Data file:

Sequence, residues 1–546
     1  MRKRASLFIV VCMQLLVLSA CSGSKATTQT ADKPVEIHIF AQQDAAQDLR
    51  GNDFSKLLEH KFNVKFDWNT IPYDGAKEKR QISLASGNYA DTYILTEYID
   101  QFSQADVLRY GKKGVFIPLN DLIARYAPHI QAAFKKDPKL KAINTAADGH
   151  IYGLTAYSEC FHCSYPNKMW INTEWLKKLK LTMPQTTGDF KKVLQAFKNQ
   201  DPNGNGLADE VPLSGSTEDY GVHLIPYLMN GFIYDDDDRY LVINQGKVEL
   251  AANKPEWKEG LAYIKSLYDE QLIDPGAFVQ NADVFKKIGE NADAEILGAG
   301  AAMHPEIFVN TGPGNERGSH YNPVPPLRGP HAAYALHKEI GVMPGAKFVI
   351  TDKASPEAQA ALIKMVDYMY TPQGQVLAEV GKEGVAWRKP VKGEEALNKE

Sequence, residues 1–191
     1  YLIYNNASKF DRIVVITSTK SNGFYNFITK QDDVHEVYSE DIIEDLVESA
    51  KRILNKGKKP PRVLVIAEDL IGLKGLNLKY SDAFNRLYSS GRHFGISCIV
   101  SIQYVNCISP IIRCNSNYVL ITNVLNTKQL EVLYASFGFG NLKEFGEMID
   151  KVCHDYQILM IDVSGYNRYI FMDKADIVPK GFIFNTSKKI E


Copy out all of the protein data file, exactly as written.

Sequence, residues 1–546
     1  MRKRASLFIV VCMQLLVLSA CSGSKATTQT ADKPVEIHIF AQQDAAQDLR
    51  GNDFSKLLEH KFNVKFDWNT IPYDGAKEKR QISLASGNYA DTYILTEYID
   101  QFSQADVLRY GKKGVFIPLN DLIARYAPHI QAAFKKDPKL KAINTAADGH
   151  IYGLTAYSEC FHCSYPNKMW INTEWLKKLK LTMPQTTGDF KKVLQAFKNQ
   201  DPNGNGLADE VPLSGSTEDY GVHLIPYLMN GFIYDDDDRY LVINQGKVEL
   251  AANKPEWKEG LAYIKSLYDE QLIDPGAFVQ NADVFKKIGE NADAEILGAG
   301  AAMHPEIFVN TGPGNERGSH YNPVPPLRGP HAAYALHKEI GVMPGAKFVI
   351  TDKASPEAQA ALIKMVDYMY TPQGQVLAEV GKEGVAWRKP VKGEEALNKE

Sequence, residues 1–191
     1  YLIYNNASKF DRIVVITSTK SNGFYNFITK QDDVHEVYSE DIIEDLVESA
    51  KRILNKGKKP PRVLVIAEDL IGLKGLNLKY SDAFNRLYSS GRHFGISCIV
   101  SIQYVNCISP IIRCNSNYVL ITNVLNTKQL EVLYASFGFG NLKEFGEMID
   151  KVCHDYQILM IDVSGYNRYI FMDKADIVPK GFIFNTSKKI E